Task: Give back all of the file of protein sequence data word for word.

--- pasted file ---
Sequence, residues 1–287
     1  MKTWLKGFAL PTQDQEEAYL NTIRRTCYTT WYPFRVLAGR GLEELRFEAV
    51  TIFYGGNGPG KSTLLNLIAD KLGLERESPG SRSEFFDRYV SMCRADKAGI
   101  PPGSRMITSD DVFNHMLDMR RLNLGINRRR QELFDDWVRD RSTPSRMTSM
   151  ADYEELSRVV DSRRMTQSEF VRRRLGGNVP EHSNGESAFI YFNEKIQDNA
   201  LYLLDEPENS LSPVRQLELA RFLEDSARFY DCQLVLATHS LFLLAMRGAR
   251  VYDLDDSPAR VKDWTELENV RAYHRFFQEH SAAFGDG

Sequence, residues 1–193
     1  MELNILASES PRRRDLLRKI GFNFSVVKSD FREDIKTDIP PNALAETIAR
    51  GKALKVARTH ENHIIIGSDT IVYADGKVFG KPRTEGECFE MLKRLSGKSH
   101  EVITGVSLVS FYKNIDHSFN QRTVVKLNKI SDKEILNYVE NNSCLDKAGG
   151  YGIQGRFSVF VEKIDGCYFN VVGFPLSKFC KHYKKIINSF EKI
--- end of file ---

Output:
Sequence, residues 1–287
     1  MKTWLKGFAL PTQDQEEAYL NTIRRTCYTT WYPFRVLAGR GLEELRFEAV
    51  TIFYGGNGPG KSTLLNLIAD KLGLERESPG SRSEFFDRYV SMCRADKAGI
   101  PPGSRMITSD DVFNHMLDMR RLNLGINRRR QELFDDWVRD RSTPSRMTSM
   151  ADYEELSRVV DSRRMTQSEF VRRRLGGNVP EHSNGESAFI YFNEKIQDNA
   201  LYLLDEPENS LSPVRQLELA RFLEDSARFY DCQLVLATHS LFLLAMRGAR
   251  VYDLDDSPAR VKDWTELENV RAYHRFFQEH SAAFGDG

Sequence, residues 1–193
     1  MELNILASES PRRRDLLRKI GFNFSVVKSD FREDIKTDIP PNALAETIAR
    51  GKALKVARTH ENHIIIGSDT IVYADGKVFG KPRTEGECFE MLKRLSGKSH
   101  EVITGVSLVS FYKNIDHSFN QRTVVKLNKI SDKEILNYVE NNSCLDKAGG
   151  YGIQGRFSVF VEKIDGCYFN VVGFPLSKFC KHYKKIINSF EKI